Camino de Santiago Route I

Follow the Cantabrian coast from the Cantabrian inland to Santiago among beaches, cliffs, green hills and charming fishing villages.

Day 1
Departure. Sunday.
Following the Jacobean route through the Coastal Way, our pilgrimage to the tomb of the Apostle begins in Cantabrian territory. Limpias is famous due to the Christ of Agony, popular for his manifestations of life by means of tears, sweat and blood, who you will find in the Church of San Pedro. There are many interesting fishing towns nearby, such as Laredo, where La Salvé, one of the most extensive and beautiful beaches in the region, Castro Urdiales and Santoña can be found. This area is ideal for rowing and canoeing. A visit to the Cabárceno Nature Park, a 750-hectare park with more than a hundred animal species from the 5 continents in semi-freedom, or the Ansón Valley is also interesting. Santander, with its fried squid and its Botín Centre, and Bilbao, with its famous pintxos and its Guggenheim Museum, are also other attractive places to visit. You must try the artisan anchovies in olive oil, the tinned food that would also be the perfect souvenir.
Day 2
Monday.
Santillana del Mar, a medieval town with cobbled streets, is a true gift for the traveller by itself. The streets, palaces and mansions, the Romanesque Collegiate Church of Santa Juliana or Museums such as the Regina Coelli of Religious Art, await you to be discovered as a great treat for your eyes. You cannot leave the area without visiting the Neocave of Altamira and its Museum to learn about our past and marvel at the “Sistine Chapel of Rock Art”. Other recommended visits are Comillas, Santander or the Cabárceno Natural Park. Please visit the El Soplao Cave on your way to Asturias, with unique karst formations, or coastal towns such as San Vicente de la Barquera.
Day 3
Tuesday.
Gijón: historical, commercial and industrial, where the sea, the rolling mountains and the big city come together to create one of the most attractive cities in the north of Spain. Its mild climate invites you to enjoy it all year round. The San Lorenzo beach, the seafront promenade, the marina, the Semana Negra literary week, the social life and the party atmosphere make you want to get to know the city. You have to walk by the fishing neighbourhood of Cimadevilla and go up to the hill of Santa Catalina, where you will see the sculpture of Chillida "Praise of the Horizon", and from where the Cantabrian coast offers a beautiful panoramic view. Among its many attractions, Gijón has a museum network and diverse cultural offerings: International Film Festival, Salón del Libro Iberoamericano book festival, the Railway Museum, the International Bagpipe Museum and others display the city's incredible history, including the Jovellanos birthplace museum, the Nicanor Piñole museum, the Revillagigedo palace, La Laboral, City of Culture... And if you have not yet succumbed to its charms, it is time to taste a hearty fabada or other Asturian dishes such as cachopo or its unbeatable rice pudding. On the way to Galicia, Avilés is well worth a stop to visit the Niemeyer Museum and typical fishing villages such as Candás, Luanco and Cudillero. Pay attention to the majestic Indian mansions placed throughout the territory!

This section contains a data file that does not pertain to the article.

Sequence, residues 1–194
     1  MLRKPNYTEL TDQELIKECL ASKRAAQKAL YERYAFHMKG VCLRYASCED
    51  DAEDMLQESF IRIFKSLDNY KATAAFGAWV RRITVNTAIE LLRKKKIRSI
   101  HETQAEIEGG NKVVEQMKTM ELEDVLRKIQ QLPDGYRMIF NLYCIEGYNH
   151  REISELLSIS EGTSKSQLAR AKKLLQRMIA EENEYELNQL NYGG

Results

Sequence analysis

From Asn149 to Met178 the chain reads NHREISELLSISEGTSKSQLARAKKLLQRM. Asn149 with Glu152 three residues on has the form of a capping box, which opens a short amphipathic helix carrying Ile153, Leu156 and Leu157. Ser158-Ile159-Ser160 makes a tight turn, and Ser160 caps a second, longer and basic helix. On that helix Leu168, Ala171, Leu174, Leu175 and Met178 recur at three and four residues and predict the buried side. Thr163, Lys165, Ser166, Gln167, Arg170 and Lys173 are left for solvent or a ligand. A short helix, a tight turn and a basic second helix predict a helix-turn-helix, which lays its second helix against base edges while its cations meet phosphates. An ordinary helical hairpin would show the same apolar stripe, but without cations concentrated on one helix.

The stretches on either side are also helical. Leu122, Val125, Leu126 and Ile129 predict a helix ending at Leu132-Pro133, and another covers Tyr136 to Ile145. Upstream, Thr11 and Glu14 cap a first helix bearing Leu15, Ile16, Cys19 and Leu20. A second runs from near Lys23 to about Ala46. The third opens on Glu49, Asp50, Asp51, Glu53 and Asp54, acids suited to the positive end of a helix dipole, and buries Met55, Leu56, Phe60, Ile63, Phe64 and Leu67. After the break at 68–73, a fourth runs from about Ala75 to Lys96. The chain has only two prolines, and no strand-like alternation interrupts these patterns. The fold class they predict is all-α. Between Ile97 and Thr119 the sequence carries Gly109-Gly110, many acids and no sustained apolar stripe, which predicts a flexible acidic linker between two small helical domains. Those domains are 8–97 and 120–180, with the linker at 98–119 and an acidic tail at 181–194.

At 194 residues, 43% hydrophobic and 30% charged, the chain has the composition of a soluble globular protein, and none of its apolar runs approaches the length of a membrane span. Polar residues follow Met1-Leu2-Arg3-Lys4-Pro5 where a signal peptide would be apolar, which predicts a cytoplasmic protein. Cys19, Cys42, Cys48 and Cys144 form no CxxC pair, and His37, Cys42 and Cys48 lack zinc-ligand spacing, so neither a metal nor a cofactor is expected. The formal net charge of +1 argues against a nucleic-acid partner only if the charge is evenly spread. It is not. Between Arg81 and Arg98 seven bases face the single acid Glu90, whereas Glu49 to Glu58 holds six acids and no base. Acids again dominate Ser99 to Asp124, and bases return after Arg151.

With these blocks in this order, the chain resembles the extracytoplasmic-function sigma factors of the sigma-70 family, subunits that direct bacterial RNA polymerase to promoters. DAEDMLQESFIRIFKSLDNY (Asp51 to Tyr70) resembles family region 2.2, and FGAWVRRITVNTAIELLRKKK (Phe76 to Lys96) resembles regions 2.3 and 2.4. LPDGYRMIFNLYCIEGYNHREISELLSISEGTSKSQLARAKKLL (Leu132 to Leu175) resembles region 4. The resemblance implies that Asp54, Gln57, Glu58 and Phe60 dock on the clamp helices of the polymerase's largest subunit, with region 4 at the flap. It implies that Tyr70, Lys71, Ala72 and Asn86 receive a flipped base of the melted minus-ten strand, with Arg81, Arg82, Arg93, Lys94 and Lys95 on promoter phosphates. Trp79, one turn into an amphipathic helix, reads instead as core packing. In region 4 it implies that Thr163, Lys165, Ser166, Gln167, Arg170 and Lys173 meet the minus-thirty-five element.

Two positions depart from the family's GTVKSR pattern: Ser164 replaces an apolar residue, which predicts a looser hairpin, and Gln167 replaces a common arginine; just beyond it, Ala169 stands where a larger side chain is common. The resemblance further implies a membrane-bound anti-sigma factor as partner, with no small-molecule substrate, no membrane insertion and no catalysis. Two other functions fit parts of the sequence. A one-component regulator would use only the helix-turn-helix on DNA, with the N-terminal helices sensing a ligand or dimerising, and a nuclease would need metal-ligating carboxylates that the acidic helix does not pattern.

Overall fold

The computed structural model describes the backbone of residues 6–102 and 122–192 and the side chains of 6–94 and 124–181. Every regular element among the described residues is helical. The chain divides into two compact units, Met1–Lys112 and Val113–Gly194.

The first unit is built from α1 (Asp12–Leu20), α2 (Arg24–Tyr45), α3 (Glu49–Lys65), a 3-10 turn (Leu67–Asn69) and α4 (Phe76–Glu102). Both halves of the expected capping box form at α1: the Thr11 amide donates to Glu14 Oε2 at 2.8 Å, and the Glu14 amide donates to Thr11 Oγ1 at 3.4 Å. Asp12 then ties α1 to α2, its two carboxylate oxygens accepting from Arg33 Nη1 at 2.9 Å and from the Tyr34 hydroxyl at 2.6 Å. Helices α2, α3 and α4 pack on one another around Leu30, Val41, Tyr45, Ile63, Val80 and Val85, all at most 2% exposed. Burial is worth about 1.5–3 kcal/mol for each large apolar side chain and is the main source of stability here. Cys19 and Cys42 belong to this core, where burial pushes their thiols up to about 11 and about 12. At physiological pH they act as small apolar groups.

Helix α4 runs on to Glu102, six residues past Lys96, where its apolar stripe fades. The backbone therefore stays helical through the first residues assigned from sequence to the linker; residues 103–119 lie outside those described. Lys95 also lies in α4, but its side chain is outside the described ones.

Day 4
Wednesday.